Teenagers as young as 16 should be allowed access to sexually explicit material, Liberal Democrat delegates have agreed.
Lib Dems are seeking to allow over-16s more freedom
Don Foster, the party's culture spokesman, says they should also be able to visit sex shops and buy pornography - a plan overwhelmingly supported by the Lib Dems spring conference.
The move would end the "twilight zone" between childhood and adulthood where they can have sex, lawfully marry and have a baby at 16 but cannot watch sex, he said.
But the policy was branded "irresponsible" by the Tories.
Lib Fellow MP Steve Webb tried to keep the age at 18, but the proposal was rejected by the conference.
However, delegates backed calls for a ban on material which exploits unlawful acts involving youngsters under 16.
Mr Foster made the case for allowing 16-year-olds to view pornography during a censorship and freedom of expression debate.
While he had worried the proposals would encourage pornography into schools, "the reality is sexually explicit material is already readily available to 16 and 17-year-olds on the internet", he said.
"Our current policy on censorship and freedom of expression is not only out-of-date, it's inconsistent and it's confusing," Mr Foster said.
"We still do not allow 16-year-olds to watch sex, despite the fact they can currently have sex, lawfully marry and indeed, a woman may choose to have a baby at 16.
"This certainly seems out of date given that as Liberal Democrats, we would extend to 16-year-olds full political and social rights ...
"The proposals are intellectually sound - 16 and 17-year-olds in this country are living in a twilight zone between childhood and adulthood, having lost their children's rights, yet only gaining adult rights in a piecemeal fashion, some at 16, some at 17, some at 18.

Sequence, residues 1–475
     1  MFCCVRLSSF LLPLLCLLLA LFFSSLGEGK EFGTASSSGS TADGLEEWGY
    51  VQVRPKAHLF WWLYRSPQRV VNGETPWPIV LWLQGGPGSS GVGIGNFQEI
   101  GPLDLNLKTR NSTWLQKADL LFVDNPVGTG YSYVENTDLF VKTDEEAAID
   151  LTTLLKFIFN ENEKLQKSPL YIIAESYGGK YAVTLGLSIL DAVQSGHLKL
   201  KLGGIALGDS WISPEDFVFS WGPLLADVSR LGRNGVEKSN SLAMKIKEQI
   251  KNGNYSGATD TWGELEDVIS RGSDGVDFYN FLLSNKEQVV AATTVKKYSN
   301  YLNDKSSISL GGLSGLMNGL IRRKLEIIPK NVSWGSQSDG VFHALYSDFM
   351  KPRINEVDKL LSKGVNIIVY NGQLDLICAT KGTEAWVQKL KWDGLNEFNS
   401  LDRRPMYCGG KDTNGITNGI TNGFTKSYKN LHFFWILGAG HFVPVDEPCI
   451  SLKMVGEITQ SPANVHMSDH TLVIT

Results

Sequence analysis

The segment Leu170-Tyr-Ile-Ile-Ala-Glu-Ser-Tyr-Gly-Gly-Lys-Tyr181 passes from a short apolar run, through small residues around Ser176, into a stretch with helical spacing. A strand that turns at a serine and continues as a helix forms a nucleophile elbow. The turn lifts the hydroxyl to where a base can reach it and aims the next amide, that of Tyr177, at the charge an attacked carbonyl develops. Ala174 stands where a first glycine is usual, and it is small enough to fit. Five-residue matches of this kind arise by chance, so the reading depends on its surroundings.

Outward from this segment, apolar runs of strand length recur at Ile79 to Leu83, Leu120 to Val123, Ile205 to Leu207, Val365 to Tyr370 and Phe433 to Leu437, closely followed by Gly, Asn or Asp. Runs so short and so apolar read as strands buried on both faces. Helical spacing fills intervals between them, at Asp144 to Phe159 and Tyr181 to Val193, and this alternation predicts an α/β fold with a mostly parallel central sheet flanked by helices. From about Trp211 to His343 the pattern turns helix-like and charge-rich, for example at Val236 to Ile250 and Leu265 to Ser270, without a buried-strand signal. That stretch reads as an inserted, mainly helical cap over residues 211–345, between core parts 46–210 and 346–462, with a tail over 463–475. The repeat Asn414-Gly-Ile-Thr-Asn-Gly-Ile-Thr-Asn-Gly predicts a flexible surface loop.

"This motion merely proposes consistency on the suitable age for obtaining adult rights in line with the well-established Liberal Democrat policy on 16 as the common age of majority."
However, Steve Webb insisted his amendment to keep the age of viewing porn to 18 was not about "prudery".
He said he was concerned about how children younger than 16 could be stopped from getting hold of the material if the age was lowered.
Tory party co-chairman Dr Liam Fox also criticised the move.
"This irresponsible policy is likely to lead to the exploitation of young people and it adds to the many ridiculous policies the Liberal Democrats have dreamed up over recent years," he said.
"With all the problems facing Britain the Liberal Democrats have once again chosen to focus on the absurd."
During the debate, Mr Foster argued that people involved in sexually explicit films should be covered by employment, health and safety laws and be aware of their rights.
He said empirical evidence that pornography leads to acts of violence "is misleading".
Local authorities should retain powers to refuse a licence if a shop has offensive window-displays, allows under 16s to enter or fails to warn customers of the nature of the establishment.
But, Mr Foster said, the Lib Dems would not be legalising films showing bestiality, snuff movies or depict under-16s in a sexually explicit way.
Meanwhile, Lib Dem activists supported proposals to abolish the law of "blasphemy" and instead introduce measures to tackle all forms of discrimination.